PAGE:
It wasn’t love at first sight exactly. In fact, it wasn’t love at all.

The more I knew of Delhi, the further we moved away from the chances of a happily ever after. And in spite of all our misgivings and compatibility issues, we did have our moments. After all, you don’t invest more than five years in a relationship with no wine-drunk nostalgic memories, do you?

And even though the city has drastically changed from what it used to be, I can’t help but revisit some of my most comforting hideouts. Primarily in very busy pockets of the capital, most of them have lost their charm now (as I see them) and some of them have become different entities.

Read: Would You Move To That Place?

The intimacy of Delhi.
The intimacy of Delhi.

Hauz Khas Fort

I was appalled to see what has become of Hauz Khas village when I visited it last year. We used to make our way through the quiet, narrow lanes, which had only one restaurant and may be three shops; to find an ‘adventurous’ entry to the ‘water tank’ in the centre of the fort.

The ruins mark Allauddin Khilji’s dynasty and the premises has a madrasa, a mosque and tombs. Escaping its overindulgent history, I merely went here for outdoor therapy. The Winter mornings always created a light haze above the lake, as the barren trees jutted out through its layers. And the Autumn sunsets meant a different hue of the sky every evening.

It wasn’t easy to move away and carry on with life.

Agrasen ki Baoli, Hailey Road

My weekly explorations to Connaught Place took me to Agrasen ki Baoli on a cool afternoon. My third attempt to find the place was successful. (We didn’t have Google Maps then.)

This ancient stepwell wasn’t the most safe for me to visit a decade ago. It was eerily empty. But no sooner I stepped inside, I immediately accepted the silence of the place.

The dark arches and the hundred stony stairs, with the diagonal afternoon sun, seemed somewhat meditative. I revisited a number of times. Every time, it was as invigorating.

Amphitheatre, India Habitat Centre

The cultural recluse in me always sought solace in IHC’s enormous haven. American Diner was a favourite for breakfast or beer but the amphitheatre was my quiet corner. Cosily covered by ornate trees, this is a popular hotspot for performances. But when empty, I only saw lovebirds or solitude seekers. And I was to be found here after an engaging art exhibit.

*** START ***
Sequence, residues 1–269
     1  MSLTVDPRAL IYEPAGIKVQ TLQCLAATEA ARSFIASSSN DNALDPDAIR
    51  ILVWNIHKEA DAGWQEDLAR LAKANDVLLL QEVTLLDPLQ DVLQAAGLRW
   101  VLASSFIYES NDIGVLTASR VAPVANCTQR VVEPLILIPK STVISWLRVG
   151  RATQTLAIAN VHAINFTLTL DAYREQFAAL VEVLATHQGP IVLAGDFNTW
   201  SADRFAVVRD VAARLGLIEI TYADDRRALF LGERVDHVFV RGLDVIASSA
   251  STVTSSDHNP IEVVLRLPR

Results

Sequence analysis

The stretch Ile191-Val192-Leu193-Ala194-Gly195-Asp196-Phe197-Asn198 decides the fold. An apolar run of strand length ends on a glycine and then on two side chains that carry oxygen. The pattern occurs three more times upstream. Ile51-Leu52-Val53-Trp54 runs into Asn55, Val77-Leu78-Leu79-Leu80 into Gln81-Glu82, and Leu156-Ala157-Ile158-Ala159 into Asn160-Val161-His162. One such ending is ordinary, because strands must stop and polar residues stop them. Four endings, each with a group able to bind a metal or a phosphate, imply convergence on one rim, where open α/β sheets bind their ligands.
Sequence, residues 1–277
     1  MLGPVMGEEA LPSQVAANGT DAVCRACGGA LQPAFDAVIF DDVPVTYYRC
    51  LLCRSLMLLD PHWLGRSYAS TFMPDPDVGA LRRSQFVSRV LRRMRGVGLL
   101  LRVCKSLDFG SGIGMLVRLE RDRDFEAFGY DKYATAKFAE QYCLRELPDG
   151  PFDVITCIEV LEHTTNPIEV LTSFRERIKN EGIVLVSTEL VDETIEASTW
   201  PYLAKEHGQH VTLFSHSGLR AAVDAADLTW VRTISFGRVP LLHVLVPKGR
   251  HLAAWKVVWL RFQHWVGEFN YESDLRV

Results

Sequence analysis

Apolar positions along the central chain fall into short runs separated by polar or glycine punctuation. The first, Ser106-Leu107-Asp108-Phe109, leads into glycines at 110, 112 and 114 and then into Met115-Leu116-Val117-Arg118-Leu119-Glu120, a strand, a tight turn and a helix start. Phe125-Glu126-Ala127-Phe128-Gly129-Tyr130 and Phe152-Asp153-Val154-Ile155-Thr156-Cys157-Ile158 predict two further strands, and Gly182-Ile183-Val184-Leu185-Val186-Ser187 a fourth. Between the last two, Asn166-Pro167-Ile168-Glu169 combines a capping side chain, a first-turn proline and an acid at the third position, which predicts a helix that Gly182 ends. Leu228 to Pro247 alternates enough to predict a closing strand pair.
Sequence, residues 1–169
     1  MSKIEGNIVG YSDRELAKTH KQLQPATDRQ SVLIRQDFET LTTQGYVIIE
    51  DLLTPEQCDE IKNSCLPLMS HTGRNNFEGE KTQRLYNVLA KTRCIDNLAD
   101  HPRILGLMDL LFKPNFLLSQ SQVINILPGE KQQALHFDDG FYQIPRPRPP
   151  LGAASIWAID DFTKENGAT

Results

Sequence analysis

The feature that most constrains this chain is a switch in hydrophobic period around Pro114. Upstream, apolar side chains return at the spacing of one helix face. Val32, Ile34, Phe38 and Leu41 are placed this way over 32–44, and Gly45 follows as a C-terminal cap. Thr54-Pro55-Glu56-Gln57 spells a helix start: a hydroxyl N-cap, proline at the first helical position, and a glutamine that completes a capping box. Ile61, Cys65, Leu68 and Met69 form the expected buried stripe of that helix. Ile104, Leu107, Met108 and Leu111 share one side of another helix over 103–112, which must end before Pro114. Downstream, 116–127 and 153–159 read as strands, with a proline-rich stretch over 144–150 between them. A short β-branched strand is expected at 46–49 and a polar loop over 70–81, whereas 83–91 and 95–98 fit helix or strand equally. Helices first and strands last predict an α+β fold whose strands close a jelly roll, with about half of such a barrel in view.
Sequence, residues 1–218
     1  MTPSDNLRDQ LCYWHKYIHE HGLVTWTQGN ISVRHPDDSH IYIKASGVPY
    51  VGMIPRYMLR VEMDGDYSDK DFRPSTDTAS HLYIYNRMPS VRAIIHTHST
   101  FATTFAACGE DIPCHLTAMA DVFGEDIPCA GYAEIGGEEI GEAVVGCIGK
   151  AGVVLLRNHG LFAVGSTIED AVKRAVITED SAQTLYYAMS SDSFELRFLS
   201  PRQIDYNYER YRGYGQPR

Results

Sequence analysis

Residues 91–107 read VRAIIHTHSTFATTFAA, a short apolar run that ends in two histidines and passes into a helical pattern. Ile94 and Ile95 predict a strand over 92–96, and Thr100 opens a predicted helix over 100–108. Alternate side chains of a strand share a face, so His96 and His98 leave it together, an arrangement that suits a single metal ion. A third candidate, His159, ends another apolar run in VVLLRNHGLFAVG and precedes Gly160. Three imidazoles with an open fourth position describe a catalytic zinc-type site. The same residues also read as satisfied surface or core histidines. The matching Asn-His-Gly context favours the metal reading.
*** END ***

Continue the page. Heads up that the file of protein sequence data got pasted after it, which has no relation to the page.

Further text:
The Full Circle, Khan Market

Khan Market has become even more crowded than it used to be. My aimless wander in circles would always conclude with my ritualistic visit to the Full Circle Bookstore.

Sometimes hours, sometimes minutes, I’d sifted through the hardbound and the new additions on the mahogany racks. Once my curiosity was satisfied, the stairs took me to Café Turtle. The fresh fruit juices and the coffee here worked like a tranquil reward.

I unfailingly forgot the chaos outside, till I stepped out once again.

The distances of Delhi.
The distances of Delhi.

Read: Photo story: Chandni Chowk, Delhi

Disclaimer: This is a nostalgic post on my experiences in Delhi. It doesn’t attempt to be a guide, in any form.

Care to share your favourite hideouts?

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Amrita Das

Amrita is a freelance travel writer and professional travel blogger. She has been contributing to some of the top publications in India and internationally. She propagates female solo travel and shares her experiences from off-beat, culture and adventure travel through her writing.

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6 thoughts on “My Favourite Hideouts in Delhi

  1. I love Agrasen ki Baoli, and it is always whereI send friends who are visiting the city. It’s just so peaceful. Thanks for reminding me of the things I liked in Delhi — sometimes I have difficulty remembering :) xx

    1. Yes, Delhi makes us forget and remember rarely noh? The Baoli continues to be special. Revisit the next time you’re in the city?

  2. nice write up Amrita! I haven’t been to any of these places, but I have heard about few of these popular places

    1. Next time you’re in Delhi, do visit whichever you can. Let me know if its worth it :)

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